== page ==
There are many experienced, highly-skilled people in their respective fields and if you can afford to hire them great, but for filmmakers on a budget there is a lot to be said for developing your own skill-set. Having at least a good working knowledge of filming and editing is definitely a bonus. Especially in moments where you are required to step in last minute if one of your crew lets you down! Being as knowledgeable as you can in various areas within the creative process will help you greatly to achieve your goals.
5. Get things in writing
Golden Rule 5 speaks for itself; get things in writing! Interestingly enough, despite working on various corporate videos, shorts, charity films and documentaries for over 10 years it is only in the last couple of years that I have experienced what can happen if releases are not done officially. I can honestly say I don’t care if you are working with your friends or family for that matter, get any types of agreements in written form.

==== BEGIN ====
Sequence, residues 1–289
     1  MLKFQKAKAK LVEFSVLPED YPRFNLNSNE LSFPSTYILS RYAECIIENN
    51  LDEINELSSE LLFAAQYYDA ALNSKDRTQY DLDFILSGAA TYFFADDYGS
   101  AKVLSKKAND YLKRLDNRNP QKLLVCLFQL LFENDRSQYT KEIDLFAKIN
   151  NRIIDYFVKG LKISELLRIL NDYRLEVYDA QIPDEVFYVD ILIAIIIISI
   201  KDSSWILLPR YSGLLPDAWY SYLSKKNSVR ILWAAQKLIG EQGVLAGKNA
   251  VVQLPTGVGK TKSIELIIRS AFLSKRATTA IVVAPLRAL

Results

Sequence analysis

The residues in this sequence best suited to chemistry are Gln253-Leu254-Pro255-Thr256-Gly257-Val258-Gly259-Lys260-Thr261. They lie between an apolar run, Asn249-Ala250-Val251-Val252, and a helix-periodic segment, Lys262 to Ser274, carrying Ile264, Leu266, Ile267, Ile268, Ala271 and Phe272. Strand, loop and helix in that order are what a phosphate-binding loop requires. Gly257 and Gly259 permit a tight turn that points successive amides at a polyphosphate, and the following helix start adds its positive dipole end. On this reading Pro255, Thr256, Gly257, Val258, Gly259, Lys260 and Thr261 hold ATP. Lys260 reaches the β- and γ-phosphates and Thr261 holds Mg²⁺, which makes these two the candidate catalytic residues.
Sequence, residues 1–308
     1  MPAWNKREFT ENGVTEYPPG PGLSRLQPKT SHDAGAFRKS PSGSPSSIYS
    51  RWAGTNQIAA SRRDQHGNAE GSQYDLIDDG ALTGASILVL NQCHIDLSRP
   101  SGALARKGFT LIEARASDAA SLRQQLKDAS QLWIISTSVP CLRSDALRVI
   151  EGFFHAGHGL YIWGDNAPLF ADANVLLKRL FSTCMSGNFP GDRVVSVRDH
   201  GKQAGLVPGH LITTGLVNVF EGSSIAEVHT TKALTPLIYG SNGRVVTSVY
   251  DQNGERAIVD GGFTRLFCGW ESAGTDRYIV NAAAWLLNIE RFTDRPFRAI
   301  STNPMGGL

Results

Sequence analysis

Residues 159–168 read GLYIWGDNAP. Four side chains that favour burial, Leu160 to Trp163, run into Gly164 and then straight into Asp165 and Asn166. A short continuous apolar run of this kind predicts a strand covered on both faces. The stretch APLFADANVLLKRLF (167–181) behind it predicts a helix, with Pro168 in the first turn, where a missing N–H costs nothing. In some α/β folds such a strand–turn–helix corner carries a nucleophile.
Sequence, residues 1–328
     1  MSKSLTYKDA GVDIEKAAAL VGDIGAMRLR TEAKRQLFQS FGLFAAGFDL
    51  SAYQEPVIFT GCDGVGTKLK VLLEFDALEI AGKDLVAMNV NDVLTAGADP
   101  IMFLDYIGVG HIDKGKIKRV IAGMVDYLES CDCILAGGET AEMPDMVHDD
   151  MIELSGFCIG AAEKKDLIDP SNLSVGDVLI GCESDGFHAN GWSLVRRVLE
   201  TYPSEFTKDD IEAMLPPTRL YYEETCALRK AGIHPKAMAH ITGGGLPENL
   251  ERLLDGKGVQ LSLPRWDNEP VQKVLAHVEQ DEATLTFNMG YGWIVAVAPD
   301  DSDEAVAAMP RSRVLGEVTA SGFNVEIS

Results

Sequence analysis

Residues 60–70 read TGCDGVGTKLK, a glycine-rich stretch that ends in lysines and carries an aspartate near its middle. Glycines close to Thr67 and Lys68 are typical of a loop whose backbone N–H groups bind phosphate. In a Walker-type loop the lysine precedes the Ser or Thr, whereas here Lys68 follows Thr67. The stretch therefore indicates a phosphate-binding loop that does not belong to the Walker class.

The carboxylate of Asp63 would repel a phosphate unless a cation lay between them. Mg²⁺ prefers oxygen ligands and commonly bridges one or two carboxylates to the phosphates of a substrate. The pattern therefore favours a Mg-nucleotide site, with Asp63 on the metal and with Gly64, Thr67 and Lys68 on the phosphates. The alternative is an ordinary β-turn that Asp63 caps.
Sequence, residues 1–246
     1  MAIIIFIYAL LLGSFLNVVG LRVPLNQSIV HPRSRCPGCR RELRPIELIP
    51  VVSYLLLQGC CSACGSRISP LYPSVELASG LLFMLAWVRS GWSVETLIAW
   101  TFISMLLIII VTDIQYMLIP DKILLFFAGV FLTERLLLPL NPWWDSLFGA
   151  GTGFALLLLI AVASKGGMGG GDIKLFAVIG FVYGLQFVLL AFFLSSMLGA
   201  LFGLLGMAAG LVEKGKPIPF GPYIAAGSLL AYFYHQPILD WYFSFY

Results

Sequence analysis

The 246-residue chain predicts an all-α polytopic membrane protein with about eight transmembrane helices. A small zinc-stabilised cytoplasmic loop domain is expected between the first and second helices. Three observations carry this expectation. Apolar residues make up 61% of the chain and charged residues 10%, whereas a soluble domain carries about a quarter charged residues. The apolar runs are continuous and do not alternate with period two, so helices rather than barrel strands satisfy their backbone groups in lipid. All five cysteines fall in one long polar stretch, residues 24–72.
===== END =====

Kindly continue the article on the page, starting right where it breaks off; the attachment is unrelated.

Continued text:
I know from personal experience that things can be verbally agreed at the time and all is well until you get to the finish line and then it all collapses. You do not want this to happen to you. So please ensure any releases, licences etc. are all written so you don’t end up in court and risk having your film shut being down before it had a chance to get off the ground.
6. Back Up Back Up Back Up
My last gem to add to the list of Golden Rules is to ensure that you back up your work. I cannot stress the importance of this and how big an issue it actually is.
This is one issue I’m experiencing this now. I have been working on a documentary project for the past 3 years and two weeks ago the external hard drive which it is stored on started playing up and shutting down whilst being used. I tried to repair the drive and that wouldn’t work so I needed to back up the contents, but the drive wouldn’t stay on long enough for me to do so!
Crashing and faulty drives are unfortunately a very common occurrence in the filmmaking world. Whilst all hardware has a limited shelf life, backing up your files on an external drive or cloud storage space are things you can do to ensure that you are protected should this happen to you. The last thing you want is for weeks, months or even years of your life to be lost due to not adequately backing up your work.
I case you are wondering, I’m happy to say that I successfully backed up my files last night! Phew.